GLYNN COUNTY, Ga, – Following a hearing in the shooting death of Ahmaud Arbery, demonstrators gathered Thursday outside the Glynn County Courthouse.
A group of young people could be seen standing on the steps of the courthouse and holding signs while another large group stood in a lawn nearby. And dozens marched in honor of Arbery.
“These are some of the neighborhoods he grew up in. What you see is him. He loved everybody, no matter what color you are,” said Kevin Smith, Arbery’s cousin.
During Thursday’s hearing, a state investigator alleged that a white man, Travis McMichael, was heard saying a racist slur as he stood over Arbery’s body, moments after fatally shooting the black man with a pump-action shotgun.
In a hearing to determine whether there is enough evidence to proceed with a murder trial, the lead Georgia Bureau of Investigation agent in the case testified that Travis and Greg McMichael and a third man in another pickup, William “Roddie” Bryan, used their trucks to chase down and box in Arbery, who repeatedly reversed directions and ran into a ditch while trying to escape.
“Pursued, hunted -- those are the words I would use,” said Special Agent Richard Dial said.
Travis McMichael then got out of his truck and confronted Arbery, later telling police he shot him in self-defense after Arbery refused his order to get on the ground, Dial said. A close examination of the video of the shooting shows the first shot was to Arbery’s chest, the second was to his hand, and the third was to his chest again before he collapsed in the road in the Satilla Shores neighborhood, Dial said.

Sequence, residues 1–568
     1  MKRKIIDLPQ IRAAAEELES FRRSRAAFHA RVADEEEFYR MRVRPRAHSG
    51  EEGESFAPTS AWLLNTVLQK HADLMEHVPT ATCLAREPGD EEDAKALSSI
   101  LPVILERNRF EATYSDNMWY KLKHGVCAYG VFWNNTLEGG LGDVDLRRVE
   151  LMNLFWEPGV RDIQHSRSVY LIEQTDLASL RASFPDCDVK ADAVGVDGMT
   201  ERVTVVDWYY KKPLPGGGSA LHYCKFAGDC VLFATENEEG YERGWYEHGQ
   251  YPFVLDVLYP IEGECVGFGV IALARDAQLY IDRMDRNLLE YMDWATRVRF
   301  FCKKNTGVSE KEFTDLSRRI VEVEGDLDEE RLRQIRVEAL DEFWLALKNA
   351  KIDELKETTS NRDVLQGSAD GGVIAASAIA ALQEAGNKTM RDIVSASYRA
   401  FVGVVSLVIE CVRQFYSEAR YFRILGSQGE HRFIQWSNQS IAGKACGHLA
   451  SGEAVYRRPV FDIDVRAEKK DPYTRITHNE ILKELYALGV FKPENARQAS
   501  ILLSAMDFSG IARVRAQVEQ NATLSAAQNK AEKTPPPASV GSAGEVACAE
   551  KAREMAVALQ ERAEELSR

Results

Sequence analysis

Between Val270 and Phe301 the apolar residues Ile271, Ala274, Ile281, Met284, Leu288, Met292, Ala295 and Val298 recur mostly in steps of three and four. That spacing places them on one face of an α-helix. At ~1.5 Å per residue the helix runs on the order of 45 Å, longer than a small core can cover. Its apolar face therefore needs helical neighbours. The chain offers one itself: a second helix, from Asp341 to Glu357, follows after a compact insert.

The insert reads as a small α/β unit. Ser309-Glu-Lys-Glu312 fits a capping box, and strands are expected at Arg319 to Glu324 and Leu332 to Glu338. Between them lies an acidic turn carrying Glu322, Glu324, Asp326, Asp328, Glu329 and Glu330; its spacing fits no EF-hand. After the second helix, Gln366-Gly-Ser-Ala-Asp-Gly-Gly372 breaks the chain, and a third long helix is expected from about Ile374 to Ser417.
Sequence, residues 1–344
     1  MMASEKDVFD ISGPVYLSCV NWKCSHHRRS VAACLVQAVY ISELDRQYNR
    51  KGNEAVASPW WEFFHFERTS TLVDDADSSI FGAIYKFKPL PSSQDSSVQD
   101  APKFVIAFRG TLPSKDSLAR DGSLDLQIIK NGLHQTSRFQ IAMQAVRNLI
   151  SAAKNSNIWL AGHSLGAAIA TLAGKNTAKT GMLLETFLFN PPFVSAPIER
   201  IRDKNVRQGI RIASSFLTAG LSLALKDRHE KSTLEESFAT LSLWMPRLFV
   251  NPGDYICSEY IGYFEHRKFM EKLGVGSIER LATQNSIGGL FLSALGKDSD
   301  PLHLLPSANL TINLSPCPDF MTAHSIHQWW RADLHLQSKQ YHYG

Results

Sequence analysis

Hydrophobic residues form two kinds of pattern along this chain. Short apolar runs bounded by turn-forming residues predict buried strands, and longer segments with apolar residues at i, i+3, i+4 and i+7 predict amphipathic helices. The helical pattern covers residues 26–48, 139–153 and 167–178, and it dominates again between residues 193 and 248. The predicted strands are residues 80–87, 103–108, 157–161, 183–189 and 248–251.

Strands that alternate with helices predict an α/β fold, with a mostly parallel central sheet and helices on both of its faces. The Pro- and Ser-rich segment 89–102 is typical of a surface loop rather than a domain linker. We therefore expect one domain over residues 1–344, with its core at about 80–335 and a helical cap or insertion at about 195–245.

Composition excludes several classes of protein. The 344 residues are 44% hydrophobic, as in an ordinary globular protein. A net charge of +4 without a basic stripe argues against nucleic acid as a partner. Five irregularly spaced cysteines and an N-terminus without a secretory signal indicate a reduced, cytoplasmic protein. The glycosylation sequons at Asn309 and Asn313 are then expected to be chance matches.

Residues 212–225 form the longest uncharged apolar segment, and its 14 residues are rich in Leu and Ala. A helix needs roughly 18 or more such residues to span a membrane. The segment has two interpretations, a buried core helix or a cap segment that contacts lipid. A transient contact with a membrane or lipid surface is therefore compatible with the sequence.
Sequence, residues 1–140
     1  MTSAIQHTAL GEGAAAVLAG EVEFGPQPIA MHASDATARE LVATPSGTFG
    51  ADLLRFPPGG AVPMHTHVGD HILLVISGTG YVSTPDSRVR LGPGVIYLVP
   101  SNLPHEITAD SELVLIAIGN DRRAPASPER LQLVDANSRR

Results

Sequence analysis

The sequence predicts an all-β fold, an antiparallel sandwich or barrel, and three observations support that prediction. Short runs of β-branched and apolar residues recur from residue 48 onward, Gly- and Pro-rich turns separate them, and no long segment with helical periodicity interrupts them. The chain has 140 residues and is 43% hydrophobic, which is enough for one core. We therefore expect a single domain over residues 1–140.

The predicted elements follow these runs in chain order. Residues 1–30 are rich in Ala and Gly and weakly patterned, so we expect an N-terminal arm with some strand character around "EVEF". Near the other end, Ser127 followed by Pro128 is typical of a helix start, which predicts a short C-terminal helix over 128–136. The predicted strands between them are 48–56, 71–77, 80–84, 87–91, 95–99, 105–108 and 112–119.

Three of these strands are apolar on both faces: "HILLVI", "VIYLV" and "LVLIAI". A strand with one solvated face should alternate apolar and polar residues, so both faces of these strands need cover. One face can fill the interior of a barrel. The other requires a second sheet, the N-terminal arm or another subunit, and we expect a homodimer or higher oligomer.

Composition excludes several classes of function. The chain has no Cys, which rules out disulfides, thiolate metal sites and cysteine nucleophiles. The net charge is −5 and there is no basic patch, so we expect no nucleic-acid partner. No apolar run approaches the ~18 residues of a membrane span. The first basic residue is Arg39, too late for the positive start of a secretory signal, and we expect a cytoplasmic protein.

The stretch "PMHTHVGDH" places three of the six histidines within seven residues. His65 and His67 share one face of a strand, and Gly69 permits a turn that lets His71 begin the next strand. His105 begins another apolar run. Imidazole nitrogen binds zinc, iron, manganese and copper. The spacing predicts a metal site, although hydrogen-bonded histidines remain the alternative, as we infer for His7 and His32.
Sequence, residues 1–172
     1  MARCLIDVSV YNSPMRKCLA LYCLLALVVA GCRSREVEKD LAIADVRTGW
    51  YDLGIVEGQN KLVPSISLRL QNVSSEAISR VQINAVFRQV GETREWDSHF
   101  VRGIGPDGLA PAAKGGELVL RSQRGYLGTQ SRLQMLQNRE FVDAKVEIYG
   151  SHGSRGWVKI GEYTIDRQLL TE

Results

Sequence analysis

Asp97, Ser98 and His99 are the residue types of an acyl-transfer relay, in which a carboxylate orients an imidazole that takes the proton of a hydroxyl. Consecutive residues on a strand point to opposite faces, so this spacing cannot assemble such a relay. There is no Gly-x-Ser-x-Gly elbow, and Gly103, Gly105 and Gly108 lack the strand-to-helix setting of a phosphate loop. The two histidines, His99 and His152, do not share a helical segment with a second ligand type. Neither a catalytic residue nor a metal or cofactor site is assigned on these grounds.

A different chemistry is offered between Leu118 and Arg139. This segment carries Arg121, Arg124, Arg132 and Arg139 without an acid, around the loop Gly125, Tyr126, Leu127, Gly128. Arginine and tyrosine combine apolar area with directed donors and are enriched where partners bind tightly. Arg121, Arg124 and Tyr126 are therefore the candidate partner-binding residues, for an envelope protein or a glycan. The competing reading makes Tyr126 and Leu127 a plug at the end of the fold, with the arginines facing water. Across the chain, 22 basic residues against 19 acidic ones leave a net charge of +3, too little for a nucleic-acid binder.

“Mr. Bryan said that after the shooting took place before police arrival, while Mr. Arbery was on the ground, that he heard Travis McMichael make the statement, ‘f - - - - - g n - - - - r,’” Dial said.
Dial said he has also seen “many” other examples of Travis McMichael using the “n-word" on social media.
At the conclusion of the probable cause hearing Thursday, Magistrate Court Judge Wallace Harrell found that there was enough evidence for the cases against all three defendants to proceed.
When asked what he thought about the hearing, Smith, Arbery’s cousin, said: “They did their job. They did what they were supposed to do.”
The testimony presented Thursday could factor into a federal investigation into whether hate crime charges are warranted.
“Just seeing the evidence, it was a hate crime. And we’re pushing for hate crime legislation, we’re pushing for citizen’s arrest to be repealed, for criminal justice reform and police accountability,” said Julie Jordan, a member of the Brunswick NAACP.
Demonstrators said they’re hoping Arbery’s death will help stop racism in Brunswick and throughout the United States.
“We’re trying to put an end to it. We need equal rights,” said Rico Collins.
Smith said: “We’re inspiring the world right now."
Arbery’s supporters said they won’t stop fighting for justice.